|This Craftsy class is entitled Hand-embellishing Knit Fabric: Stenciling, Applique, Beading and Embroidery. Quite the mouthful, isn't it? :) The regular price is $49.99 and includes the project pattern.
As with all of Craftsy's classes this is an online video course with instructor interaction. The quality of video and sound is very good (I watch my classes in Google Chrome instead of IE or Foxfire.) For those not familiar with Craftsy, these are permanent classes once you sign up, so you can view them over and over, whenever you want. You can ask questions or post photos for critique and the instructor will help you out. You can leave yourself notes, have discussions, post projects, rewatch 30 second clips if you just missed something or want to rewatch a technique while in the middle of viewing a lesson, and there are downloads for necessary class information and resources. All in all, a well thought out format.
Now to this particular class.
First off this class is taught by Natalie Chanin of Alabama Chanin (for many of you, enough said--just go sign up). For those not familiar with Natalie and her company go to alabamachanin.com and be ready to be inspired and amazed (there will probably be drooling involved). Then go look at their workshop offerings--you'll probably choke a bit on the prices, but I'm sure they're worth every penny....I just will probably never have enough pennies. Needless to say, when this class was listed I signed up the day of and it is so worth it!
The class uses a Vogue Donna Karen jacket/coat pattern (#1263)for the project, but really you could just use the techniques to make something else if the jacket didn't appeal to you. In fact, you'll probably start thinking of many projects after viewing this class. (I've already got some t-shirt embellishing planned.) You'll also need medium weight cotton jersey, button craft thread, embroidery floss, createx paint and if wanted some beads for embellishments, if you intend to make this coat. Alabama Chanin has class kits that you can buy off their site, as well as, a discount code if you want to pick your own colors instead. You could also pick up supplies at local fabric stores if they carry such. As the code is a one time use thing, I'll probably pick up something locally to try the techniques on prior to ordering the good stuff (aka expensive) from Chanin.
Lessons include how to work with the knit fabric, tips on hand sewing (yes, you will be handsewing this garment in true Alabama Chanin fashion), laying out the pattern, stenciling, how to correctly work various hand sewing and embroidery stitches, the reverse applique process and some options, how to attach applique elements, beads and sequins for additional embellishment, constructing the coat including finishing details and a short section on repairing small holes in your jersey fabric should that ever occur.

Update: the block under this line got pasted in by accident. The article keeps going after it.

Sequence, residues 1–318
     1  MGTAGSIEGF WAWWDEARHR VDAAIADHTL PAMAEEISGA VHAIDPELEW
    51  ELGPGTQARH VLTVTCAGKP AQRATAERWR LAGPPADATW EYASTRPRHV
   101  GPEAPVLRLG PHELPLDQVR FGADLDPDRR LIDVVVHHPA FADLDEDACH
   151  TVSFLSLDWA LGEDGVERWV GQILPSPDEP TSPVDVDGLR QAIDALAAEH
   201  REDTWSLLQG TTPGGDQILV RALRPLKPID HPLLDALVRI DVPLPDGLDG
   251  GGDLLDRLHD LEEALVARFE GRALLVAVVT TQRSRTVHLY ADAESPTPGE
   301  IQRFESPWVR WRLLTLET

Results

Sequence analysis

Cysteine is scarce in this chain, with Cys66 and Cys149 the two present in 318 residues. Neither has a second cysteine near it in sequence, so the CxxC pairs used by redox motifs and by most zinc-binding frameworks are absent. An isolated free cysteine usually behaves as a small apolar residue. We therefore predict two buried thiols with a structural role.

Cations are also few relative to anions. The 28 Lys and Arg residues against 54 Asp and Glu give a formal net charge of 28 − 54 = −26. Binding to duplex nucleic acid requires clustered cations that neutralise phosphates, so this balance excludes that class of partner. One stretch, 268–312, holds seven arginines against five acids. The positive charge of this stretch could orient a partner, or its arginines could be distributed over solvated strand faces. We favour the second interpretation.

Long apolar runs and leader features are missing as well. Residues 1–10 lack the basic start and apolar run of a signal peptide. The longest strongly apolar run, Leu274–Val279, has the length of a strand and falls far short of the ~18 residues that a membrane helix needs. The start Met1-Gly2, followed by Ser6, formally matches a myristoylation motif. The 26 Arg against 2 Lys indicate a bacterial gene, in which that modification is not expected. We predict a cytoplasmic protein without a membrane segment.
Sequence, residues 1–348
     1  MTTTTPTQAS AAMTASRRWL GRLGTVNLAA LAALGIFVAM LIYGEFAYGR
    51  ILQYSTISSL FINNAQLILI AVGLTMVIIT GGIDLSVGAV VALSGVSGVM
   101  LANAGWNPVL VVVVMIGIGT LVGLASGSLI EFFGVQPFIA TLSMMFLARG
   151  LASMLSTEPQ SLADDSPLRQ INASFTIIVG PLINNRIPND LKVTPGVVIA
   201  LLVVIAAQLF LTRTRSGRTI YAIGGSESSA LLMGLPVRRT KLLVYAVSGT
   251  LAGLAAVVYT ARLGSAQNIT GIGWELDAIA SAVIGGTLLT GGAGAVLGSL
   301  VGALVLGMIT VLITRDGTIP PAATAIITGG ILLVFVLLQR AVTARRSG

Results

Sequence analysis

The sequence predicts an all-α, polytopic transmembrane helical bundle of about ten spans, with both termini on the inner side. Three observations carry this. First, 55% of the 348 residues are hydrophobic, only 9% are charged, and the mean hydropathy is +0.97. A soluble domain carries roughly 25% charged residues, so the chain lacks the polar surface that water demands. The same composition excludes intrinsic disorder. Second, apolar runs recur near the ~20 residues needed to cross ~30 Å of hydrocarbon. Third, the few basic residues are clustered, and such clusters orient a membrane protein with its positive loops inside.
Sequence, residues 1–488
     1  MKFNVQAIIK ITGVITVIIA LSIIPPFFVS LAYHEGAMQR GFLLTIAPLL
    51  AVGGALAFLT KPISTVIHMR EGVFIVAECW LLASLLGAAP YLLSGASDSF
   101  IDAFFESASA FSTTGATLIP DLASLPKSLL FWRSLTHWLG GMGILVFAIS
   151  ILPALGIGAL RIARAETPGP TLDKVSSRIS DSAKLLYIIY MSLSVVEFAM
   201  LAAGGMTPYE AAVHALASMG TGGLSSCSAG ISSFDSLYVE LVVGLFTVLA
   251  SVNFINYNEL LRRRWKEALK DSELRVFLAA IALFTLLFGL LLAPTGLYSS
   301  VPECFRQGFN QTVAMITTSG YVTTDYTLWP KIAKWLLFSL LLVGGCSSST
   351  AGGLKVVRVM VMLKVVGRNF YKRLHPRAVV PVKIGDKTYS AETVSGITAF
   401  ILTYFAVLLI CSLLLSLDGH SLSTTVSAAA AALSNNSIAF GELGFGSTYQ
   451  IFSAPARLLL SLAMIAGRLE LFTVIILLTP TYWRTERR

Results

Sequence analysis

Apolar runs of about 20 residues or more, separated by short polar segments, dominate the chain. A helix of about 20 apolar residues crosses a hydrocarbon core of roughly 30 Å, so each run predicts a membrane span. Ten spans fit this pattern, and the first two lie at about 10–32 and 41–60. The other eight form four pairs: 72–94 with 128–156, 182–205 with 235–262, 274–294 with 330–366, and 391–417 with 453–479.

Natalie is very pleasant (and very comfortable in front of the camera) and is so kind in answering questions (and I asked several and will probably ask even more as I actually make the coat). She clearly demonstrates each technique so that you can both see and hear her explanations for how to do something (she doesn't go too fast either so you don't have to keep rewatching it just to see it happen). I also really loved how she explained why certain tips and techniques were done the way they were and why things worked liked they did such as why the stitches and knots are larger than regular handwork usually is and why you "love your thread", etc. Maybe its just the little nerd in me coming out, but I love hearing scientific and historical explanations for things that I'm doing (I'm always wondering "why") and Natalie tells them in an engaging manner so you aren't bored. She definitely has a gift for teaching and I can imagine that her workshops are a blast to attend.
This is not a class where you take it and then think "oh, that's neat" but then never touch it again or maybe use it once. This is a class with many possible applications to future projects from home decor to all sorts of beautiful clothing. I could see having fun with a quick project of a little reverse applique on a portion of a t-shirt or something more involved like a new dress. I like the jacket and will be making up an un-embellished version to test for fit (it'll be my kickin' around the house version) before constructing the fully embellished version. I definitely plan to add beads and maybe some sequins too. The great thing about a hand stitching project is that I can take it with me, work on it outside in the summer sitting under the apple tree, or even while watching some tv.